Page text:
I'm leaving but I don't know where to live

Your priority is to get to safety. This may mean that you’ll need to stay somewhere for a short time until you can sort out something long-term.

You have some options:

  • stay with friends or family
  • get a place in a refuge
  • contact your local council for emergency housing
  • rent or buy somewhere yourself

Friends and family

You may know someone who can put you up for a while, preferably where your abuser will not look for you. Try not to tell anyone who might give away your location.

For more information on making preparations to leave, see Leaving an abusive relationship.

Stay in a refuge

A refuge is a safe place for you (and your children) to stay in an emergency.

If there's a place for you, you'll usually get it on the day you call. You can’t book ahead.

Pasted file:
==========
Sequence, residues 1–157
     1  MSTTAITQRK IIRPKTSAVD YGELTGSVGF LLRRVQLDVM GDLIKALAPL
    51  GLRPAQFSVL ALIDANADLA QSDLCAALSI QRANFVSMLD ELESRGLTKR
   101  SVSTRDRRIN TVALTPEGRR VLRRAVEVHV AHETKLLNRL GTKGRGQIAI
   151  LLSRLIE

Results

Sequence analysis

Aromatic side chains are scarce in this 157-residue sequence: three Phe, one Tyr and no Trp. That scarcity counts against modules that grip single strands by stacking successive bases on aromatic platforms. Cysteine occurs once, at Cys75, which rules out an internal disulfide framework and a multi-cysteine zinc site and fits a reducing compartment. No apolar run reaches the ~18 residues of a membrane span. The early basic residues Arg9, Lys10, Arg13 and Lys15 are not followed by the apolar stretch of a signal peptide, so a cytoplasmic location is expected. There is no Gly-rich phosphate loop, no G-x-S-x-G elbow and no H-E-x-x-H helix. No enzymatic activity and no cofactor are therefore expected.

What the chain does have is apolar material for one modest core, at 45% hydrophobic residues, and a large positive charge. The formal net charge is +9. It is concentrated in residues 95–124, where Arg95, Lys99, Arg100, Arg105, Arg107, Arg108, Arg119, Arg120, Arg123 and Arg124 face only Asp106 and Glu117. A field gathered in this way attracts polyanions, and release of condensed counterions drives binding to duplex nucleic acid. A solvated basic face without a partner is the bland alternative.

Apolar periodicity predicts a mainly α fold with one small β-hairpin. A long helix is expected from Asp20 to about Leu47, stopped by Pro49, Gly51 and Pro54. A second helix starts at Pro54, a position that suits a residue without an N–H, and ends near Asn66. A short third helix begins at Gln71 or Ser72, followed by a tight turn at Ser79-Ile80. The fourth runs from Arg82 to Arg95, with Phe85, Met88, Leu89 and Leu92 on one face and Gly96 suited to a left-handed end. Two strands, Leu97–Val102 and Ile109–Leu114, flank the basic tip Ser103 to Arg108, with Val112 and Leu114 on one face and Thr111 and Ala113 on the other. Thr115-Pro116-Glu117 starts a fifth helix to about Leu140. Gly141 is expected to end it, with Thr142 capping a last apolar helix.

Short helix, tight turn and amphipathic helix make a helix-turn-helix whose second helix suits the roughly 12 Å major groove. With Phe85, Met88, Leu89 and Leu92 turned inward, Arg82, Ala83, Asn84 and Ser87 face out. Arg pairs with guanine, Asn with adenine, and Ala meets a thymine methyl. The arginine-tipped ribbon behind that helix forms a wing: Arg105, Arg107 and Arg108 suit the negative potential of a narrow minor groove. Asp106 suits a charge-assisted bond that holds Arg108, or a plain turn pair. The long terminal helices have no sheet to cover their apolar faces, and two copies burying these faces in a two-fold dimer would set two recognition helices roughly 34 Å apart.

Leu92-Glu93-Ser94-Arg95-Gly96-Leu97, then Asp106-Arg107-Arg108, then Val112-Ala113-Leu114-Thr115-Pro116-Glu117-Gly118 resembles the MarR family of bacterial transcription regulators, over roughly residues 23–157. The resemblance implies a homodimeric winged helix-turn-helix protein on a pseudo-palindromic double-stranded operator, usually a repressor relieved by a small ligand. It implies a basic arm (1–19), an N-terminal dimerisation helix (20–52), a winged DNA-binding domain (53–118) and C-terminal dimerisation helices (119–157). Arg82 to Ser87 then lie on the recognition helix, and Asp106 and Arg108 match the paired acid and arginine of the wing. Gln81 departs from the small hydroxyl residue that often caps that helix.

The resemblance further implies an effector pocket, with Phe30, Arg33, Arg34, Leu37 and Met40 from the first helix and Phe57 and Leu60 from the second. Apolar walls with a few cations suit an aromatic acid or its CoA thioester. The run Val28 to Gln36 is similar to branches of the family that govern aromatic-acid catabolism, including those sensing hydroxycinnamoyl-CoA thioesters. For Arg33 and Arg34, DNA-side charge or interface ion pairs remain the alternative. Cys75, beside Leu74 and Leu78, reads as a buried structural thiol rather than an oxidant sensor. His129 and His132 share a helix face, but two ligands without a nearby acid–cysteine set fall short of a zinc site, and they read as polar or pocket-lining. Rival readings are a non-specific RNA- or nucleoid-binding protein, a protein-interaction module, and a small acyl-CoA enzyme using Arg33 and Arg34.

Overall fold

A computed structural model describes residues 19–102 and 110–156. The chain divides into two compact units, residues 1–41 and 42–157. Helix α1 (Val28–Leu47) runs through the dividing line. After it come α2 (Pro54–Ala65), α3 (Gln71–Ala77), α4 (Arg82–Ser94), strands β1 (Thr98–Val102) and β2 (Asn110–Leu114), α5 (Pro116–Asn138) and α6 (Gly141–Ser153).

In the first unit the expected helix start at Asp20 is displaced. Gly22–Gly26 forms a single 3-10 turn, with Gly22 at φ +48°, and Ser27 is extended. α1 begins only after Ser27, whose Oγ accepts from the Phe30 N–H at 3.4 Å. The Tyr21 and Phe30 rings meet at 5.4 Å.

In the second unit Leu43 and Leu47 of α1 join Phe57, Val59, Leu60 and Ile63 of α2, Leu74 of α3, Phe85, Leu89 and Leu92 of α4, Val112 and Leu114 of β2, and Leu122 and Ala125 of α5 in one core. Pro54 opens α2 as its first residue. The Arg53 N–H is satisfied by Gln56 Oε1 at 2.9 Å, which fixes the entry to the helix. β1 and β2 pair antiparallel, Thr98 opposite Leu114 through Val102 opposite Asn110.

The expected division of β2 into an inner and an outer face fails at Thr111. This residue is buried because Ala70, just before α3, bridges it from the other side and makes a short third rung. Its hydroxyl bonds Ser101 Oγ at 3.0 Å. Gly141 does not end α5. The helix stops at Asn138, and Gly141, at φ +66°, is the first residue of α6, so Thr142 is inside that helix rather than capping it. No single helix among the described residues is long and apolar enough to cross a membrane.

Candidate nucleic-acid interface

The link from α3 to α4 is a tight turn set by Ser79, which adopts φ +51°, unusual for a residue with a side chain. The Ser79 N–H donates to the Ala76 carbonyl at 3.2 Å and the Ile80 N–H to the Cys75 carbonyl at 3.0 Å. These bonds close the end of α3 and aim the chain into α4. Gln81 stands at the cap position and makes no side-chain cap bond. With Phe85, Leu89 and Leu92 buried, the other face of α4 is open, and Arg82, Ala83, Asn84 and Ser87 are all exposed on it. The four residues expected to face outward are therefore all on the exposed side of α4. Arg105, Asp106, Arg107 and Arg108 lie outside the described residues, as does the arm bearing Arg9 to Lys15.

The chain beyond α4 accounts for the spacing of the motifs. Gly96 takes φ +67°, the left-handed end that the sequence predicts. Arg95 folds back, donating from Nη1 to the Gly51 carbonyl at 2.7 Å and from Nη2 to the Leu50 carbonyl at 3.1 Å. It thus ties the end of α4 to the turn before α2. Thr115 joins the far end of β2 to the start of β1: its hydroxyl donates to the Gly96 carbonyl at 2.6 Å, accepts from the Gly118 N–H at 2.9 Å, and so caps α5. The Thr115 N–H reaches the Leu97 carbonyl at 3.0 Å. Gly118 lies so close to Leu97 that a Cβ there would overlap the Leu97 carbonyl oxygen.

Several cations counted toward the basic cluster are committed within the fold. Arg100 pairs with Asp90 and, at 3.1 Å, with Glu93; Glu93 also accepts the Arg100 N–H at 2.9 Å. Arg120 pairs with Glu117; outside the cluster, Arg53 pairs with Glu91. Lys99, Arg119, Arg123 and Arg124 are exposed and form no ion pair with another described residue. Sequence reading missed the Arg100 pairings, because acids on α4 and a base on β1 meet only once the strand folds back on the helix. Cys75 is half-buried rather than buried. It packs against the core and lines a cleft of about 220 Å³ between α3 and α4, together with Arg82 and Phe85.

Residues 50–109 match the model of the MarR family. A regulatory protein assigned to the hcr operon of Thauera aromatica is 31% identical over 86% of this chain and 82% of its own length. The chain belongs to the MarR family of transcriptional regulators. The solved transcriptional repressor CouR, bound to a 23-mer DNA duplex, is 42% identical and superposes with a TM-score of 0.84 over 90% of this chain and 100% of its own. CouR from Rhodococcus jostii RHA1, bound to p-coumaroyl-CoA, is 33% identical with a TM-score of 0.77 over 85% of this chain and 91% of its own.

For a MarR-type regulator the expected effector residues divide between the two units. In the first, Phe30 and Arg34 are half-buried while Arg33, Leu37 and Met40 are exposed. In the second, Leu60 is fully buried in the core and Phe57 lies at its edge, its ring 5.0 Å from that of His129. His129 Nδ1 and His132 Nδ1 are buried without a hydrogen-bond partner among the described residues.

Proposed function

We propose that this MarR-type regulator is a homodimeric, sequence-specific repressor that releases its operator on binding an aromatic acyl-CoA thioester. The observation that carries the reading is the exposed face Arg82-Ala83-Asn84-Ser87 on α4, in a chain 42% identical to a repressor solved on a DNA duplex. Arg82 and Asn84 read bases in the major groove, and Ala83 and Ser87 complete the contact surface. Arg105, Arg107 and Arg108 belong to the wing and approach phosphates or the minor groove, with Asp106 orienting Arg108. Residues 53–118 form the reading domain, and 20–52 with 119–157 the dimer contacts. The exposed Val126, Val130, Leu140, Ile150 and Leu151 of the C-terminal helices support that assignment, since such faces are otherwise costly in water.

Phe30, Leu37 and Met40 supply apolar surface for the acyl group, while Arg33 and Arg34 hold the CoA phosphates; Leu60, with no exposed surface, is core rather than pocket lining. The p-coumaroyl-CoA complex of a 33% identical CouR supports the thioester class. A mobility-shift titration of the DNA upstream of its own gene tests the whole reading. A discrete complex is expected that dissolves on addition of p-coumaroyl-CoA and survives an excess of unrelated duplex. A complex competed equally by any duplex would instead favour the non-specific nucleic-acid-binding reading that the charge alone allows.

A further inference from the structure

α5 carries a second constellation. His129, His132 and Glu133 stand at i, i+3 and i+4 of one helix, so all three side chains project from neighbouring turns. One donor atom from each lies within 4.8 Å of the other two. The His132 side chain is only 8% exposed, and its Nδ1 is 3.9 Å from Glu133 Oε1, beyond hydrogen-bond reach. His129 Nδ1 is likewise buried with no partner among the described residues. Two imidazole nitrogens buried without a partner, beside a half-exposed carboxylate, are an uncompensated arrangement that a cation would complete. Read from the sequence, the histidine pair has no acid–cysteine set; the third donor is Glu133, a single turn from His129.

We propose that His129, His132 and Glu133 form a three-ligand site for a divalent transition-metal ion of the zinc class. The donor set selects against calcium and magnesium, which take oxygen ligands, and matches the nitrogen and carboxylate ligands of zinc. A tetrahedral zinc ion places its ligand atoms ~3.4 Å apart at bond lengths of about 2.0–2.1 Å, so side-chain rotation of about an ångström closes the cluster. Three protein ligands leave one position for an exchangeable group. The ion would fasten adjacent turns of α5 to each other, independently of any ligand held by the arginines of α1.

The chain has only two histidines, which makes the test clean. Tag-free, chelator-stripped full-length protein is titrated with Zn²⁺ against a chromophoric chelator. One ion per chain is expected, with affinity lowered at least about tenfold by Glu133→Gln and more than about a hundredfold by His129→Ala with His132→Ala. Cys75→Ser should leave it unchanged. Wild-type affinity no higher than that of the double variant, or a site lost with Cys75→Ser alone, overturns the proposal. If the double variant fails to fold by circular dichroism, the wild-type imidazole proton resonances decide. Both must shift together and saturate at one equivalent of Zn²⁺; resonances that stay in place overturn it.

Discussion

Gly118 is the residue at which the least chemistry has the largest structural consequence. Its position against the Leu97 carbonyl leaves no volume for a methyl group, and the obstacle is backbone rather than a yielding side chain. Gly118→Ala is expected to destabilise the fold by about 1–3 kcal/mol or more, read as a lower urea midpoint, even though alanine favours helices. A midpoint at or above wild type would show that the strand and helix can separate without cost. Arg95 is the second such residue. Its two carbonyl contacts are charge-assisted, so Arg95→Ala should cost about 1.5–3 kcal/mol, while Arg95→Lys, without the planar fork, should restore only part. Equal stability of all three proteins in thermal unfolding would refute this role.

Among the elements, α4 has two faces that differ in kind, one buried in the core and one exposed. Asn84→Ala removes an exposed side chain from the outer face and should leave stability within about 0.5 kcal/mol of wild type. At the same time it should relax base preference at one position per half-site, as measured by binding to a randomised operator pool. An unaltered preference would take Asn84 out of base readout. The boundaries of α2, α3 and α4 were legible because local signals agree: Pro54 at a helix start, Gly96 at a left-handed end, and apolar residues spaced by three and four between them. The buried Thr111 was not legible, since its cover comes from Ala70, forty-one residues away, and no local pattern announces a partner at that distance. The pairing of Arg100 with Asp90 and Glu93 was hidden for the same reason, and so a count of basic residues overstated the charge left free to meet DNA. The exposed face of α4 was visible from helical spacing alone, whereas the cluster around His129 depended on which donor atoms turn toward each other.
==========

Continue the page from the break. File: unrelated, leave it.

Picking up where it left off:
Call the Freephone 24-hour National Domestic Abuse Helpline on 0808 2000 247 for help with finding a place in a refuge.

They often try to find something in a different area from your abuser. The staff should be able to help you take the next steps to finding a more permanent home, too.

If a refuge space isn't available to you, you'll be referred to other services who can help.

Talk to your local council

If you’ve fled home for your safety, the local council may consider you to be legally homeless.

As someone experiencing domestic abuse, you’ll be considered a priority case – even if you’ve fled to a different council area from the one you’ve been living in.

Councils should find you emergency accommodation if you're homeless, in priority need and eligible.

You may not be eligible, for example, if you don’t have the right to stay permanently in the UK because of your immigration status.

Once you're housed, the council can then help you find something longer-term in another council or housing association property, or perhaps supporting you to rent your own place.

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